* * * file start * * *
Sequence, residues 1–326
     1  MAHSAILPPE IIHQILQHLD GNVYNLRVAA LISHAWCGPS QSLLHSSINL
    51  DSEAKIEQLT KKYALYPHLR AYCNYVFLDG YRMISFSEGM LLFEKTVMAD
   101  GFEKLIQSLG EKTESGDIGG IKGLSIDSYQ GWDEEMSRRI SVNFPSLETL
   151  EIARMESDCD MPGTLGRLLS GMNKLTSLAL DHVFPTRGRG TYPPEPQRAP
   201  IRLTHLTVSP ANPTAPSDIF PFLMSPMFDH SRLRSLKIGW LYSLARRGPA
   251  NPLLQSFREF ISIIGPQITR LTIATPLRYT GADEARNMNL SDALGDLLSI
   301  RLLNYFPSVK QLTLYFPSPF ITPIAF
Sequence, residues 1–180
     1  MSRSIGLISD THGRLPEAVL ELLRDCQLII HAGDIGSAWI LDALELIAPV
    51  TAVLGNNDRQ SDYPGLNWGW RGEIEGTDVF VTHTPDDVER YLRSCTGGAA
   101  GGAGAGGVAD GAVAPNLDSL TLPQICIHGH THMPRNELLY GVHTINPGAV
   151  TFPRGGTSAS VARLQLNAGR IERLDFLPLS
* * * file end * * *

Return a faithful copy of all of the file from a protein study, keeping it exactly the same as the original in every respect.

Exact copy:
Sequence, residues 1–326
     1  MAHSAILPPE IIHQILQHLD GNVYNLRVAA LISHAWCGPS QSLLHSSINL
    51  DSEAKIEQLT KKYALYPHLR AYCNYVFLDG YRMISFSEGM LLFEKTVMAD
   101  GFEKLIQSLG EKTESGDIGG IKGLSIDSYQ GWDEEMSRRI SVNFPSLETL
   151  EIARMESDCD MPGTLGRLLS GMNKLTSLAL DHVFPTRGRG TYPPEPQRAP
   201  IRLTHLTVSP ANPTAPSDIF PFLMSPMFDH SRLRSLKIGW LYSLARRGPA
   251  NPLLQSFREF ISIIGPQITR LTIATPLRYT GADEARNMNL SDALGDLLSI
   301  RLLNYFPSVK QLTLYFPSPF ITPIAF
Sequence, residues 1–180
     1  MSRSIGLISD THGRLPEAVL ELLRDCQLII HAGDIGSAWI LDALELIAPV
    51  TAVLGNNDRQ SDYPGLNWGW RGEIEGTDVF VTHTPDDVER YLRSCTGGAA
   101  GGAGAGGVAD GAVAPNLDSL TLPQICIHGH THMPRNELLY GVHTINPGAV
   151  TFPRGGTSAS VARLQLNAGR IERLDFLPLS